Exploding sunroofs prompt government investigation

Cars with dangerous defect puts drivers at risk
Posted at 9:51 PM, Sep 28, 2016
and last updated 2016-09-29 12:11:39-04

Imagine: You're driving down the road and suddenly it's like a bomb went off.

Turns out, there are several cars with a potentially dangerous defect that could put drivers at risk. The I-Team found hundreds of complaints describing the same problem.

A married couple from Franklin had no warning before their sunroof shattered. We found out this is happening across the country, and federal regulators are now involved.

Rick and Maxine Wahls were driving down the road when they heard what sounded like a gunshot. 

"I ducked. I thought we were being shot at I really did," Maxine said.

The noise was the sunroof on their 2015 Nissan Pathfinder exploding. Tiny pieces of glass were everywhere. 

"When I got out I ripped my shirt off and shook it out," Rick said.

The Wahl's said there was no impact to cause the glass to break. The glass just spontaneously shattered. 

"There were no cars next to us or in front of us that would have thrown something," Maxine said. 

Exploding sunroofs are not as uncommon as you might think.

Federal safety regulators are looking into hundreds of complaints about this happening in Nissan's and other vehicles, scaring and even injuring drivers.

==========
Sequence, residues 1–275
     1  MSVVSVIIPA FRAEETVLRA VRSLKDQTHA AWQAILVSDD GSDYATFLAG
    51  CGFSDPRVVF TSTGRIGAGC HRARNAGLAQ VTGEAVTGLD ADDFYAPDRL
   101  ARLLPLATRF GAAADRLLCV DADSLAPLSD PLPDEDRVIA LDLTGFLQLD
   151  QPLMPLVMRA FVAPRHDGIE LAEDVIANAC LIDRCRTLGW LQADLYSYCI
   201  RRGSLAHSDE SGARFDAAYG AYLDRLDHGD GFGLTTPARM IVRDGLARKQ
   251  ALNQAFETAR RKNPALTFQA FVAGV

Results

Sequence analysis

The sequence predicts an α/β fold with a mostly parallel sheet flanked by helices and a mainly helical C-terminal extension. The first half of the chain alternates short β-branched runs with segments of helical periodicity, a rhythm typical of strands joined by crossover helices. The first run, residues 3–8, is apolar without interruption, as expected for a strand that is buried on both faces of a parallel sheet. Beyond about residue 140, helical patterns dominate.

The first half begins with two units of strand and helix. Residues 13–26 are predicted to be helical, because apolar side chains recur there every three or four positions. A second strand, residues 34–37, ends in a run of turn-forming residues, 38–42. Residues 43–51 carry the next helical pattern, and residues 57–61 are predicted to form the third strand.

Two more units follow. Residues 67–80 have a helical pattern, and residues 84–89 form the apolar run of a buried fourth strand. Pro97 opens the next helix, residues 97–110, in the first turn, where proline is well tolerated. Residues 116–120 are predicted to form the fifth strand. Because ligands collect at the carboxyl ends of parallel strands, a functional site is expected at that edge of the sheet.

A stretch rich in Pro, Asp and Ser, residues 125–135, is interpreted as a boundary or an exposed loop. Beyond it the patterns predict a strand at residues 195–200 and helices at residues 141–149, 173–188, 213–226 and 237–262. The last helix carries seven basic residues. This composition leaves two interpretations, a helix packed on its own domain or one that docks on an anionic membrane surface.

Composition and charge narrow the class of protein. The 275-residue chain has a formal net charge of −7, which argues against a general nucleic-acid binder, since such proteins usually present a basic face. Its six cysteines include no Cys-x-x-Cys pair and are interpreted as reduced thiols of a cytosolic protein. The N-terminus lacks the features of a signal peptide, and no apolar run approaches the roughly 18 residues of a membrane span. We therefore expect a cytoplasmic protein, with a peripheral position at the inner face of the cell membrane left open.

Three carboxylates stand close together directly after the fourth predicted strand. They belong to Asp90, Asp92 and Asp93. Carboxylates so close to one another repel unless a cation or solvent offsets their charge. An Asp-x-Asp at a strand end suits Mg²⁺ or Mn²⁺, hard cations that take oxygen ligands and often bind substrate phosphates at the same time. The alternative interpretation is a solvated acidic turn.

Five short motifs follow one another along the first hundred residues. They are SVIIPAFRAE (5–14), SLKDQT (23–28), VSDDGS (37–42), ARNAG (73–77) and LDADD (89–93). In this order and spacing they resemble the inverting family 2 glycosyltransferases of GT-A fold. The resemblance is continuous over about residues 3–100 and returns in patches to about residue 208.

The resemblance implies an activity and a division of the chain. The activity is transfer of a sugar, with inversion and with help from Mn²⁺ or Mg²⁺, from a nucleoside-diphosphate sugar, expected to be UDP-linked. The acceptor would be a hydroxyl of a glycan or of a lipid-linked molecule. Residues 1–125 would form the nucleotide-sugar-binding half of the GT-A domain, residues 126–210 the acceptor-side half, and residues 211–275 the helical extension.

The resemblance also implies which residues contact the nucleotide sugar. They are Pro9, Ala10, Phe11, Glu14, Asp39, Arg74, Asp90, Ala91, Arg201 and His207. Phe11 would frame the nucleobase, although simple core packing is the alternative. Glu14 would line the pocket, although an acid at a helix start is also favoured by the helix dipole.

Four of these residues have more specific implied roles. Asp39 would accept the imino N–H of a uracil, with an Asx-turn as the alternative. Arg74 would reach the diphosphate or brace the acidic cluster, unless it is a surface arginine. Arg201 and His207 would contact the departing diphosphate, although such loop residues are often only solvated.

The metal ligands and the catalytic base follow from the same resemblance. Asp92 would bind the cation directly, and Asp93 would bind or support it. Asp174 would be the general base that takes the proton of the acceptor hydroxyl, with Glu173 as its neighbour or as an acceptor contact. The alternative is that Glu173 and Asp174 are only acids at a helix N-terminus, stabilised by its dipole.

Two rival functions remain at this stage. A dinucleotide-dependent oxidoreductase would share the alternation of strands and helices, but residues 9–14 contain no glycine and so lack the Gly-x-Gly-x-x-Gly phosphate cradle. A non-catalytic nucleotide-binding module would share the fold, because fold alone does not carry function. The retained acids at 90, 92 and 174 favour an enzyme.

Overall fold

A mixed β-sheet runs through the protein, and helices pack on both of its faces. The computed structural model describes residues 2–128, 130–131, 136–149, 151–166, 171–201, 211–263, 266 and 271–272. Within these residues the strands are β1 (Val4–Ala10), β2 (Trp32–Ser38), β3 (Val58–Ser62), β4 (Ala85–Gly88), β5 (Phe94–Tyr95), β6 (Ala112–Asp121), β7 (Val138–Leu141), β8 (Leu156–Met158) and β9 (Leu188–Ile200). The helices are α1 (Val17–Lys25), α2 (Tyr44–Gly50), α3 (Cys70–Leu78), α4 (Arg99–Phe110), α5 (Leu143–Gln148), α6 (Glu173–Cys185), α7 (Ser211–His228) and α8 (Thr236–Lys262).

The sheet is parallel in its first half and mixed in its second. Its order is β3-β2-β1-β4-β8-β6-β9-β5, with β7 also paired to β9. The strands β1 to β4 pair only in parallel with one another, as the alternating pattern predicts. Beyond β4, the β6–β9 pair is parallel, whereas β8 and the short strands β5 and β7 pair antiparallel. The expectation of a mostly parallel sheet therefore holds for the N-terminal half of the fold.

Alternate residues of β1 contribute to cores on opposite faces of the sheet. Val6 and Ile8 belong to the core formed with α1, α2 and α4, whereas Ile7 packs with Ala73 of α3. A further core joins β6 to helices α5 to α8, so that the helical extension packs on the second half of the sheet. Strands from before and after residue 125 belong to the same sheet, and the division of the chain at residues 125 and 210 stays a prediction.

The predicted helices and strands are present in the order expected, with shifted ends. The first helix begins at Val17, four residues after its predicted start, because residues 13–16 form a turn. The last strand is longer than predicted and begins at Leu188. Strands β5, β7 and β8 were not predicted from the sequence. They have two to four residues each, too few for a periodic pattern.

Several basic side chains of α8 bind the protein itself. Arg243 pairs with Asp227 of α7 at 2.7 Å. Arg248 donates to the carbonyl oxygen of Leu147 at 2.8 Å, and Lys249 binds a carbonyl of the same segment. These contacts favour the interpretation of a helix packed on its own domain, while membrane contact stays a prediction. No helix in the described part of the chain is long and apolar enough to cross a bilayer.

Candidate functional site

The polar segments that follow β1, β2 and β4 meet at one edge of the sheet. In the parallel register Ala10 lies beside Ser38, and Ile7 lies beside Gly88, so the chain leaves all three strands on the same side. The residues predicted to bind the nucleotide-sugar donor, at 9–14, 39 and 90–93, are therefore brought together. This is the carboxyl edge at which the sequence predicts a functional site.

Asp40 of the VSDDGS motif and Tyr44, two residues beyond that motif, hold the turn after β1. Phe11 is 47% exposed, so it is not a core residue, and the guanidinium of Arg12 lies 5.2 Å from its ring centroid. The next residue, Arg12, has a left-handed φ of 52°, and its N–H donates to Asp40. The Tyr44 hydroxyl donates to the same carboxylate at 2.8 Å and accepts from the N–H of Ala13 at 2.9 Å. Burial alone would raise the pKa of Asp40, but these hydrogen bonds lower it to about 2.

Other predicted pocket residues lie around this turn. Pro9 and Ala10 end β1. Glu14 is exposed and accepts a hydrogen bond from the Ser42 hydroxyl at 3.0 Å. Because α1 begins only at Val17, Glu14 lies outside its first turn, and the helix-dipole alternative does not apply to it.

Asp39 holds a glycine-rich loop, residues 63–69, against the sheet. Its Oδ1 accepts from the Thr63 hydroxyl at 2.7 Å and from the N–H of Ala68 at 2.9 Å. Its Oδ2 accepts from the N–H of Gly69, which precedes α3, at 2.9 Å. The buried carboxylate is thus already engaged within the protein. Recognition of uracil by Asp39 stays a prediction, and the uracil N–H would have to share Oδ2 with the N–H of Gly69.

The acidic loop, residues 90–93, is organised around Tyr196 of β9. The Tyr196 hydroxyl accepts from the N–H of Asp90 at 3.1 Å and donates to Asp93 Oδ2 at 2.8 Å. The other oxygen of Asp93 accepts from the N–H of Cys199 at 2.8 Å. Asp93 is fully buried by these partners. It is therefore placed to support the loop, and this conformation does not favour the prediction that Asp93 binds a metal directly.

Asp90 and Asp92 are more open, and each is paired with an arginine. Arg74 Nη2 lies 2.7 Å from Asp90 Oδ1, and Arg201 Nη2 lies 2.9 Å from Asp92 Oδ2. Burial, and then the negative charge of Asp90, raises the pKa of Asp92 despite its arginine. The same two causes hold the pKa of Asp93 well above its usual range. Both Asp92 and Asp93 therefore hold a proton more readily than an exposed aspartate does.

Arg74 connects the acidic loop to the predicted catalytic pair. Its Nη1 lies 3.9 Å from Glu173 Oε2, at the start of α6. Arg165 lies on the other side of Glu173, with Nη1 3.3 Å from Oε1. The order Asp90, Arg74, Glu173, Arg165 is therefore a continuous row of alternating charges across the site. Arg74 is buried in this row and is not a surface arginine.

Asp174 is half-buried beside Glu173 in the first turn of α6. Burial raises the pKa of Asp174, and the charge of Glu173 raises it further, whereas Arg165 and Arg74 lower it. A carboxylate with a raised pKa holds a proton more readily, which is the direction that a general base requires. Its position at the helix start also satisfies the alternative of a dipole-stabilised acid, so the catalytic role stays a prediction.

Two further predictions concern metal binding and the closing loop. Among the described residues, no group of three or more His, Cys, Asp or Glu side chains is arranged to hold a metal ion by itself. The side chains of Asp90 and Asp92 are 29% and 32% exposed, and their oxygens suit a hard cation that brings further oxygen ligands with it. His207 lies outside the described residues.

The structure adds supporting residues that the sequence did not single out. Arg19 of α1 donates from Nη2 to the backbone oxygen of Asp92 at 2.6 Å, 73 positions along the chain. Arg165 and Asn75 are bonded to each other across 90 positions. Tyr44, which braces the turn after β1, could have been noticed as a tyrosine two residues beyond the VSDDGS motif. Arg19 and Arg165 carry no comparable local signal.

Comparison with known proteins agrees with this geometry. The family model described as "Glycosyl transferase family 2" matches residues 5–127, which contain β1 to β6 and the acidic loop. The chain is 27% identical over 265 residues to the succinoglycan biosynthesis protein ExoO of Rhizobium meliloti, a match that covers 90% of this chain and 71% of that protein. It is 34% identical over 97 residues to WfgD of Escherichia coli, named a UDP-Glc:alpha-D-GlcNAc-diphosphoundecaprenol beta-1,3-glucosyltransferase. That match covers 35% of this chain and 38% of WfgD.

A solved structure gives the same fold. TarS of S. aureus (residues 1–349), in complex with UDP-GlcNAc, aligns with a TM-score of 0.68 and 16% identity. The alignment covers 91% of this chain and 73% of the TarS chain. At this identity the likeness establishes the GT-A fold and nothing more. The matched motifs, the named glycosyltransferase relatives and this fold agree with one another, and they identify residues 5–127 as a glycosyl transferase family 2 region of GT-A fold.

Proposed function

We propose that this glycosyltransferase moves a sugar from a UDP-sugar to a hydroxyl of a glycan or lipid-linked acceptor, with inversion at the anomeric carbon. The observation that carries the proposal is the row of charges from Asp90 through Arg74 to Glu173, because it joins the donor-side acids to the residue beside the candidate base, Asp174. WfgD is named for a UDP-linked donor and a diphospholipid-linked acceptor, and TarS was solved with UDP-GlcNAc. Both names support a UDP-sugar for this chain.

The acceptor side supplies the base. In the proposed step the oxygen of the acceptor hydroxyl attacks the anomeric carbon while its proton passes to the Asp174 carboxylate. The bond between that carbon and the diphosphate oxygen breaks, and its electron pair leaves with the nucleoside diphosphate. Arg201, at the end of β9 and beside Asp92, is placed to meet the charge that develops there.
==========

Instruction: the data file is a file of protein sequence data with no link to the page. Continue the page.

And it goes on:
The National Highway Traffic Safety Administration is investigating sunroofs on 2011-2013 Kia Sorentos. As part of that investigation, NHTSA asked four other car makers, including Nissan, for information.

Under the microscope are different models with similar large sunroofs. The Kia investigation is focused on whether there's a defect that presents an "unreasonable risk to safety." 

A local Nissan dealer tried to clean out the Wahl's Pathfinder.

"It just feels like almost like a fiberglass, and it stuck to your hands. And it took 4 or 5 washings just to get it loosened up," Maxine said. 

To be safe, they turned in the car and rolled into a lease on a newer Pathfinder.  

"It's important to have her have a car that she trusts," Rick said.

The sunroof was not covered under the Wahl's warranty. They were told to file a claim with their insurance.  In this case, Nissan ended up covering the Wahl's deductible to fix the sunroof, before the couple decided they no longer wanted the car.

A spokesman for Nissan said the car maker voluntarily participated in the NHTSA peer inquiry and said "No defect was indicated in Nissan's product. Nissan is pleased with the field performance of its vehicles equipped with large sunroofs."

NHTSA is still investigating the Kia sunroofs and will order a recall if it finds an "unreasonable risk to safety."

If this happens to you, contact your car maker and file a vehicle safety complaint with NHTSA. 

To file a vehicle safety complaint with NHTSA, go here.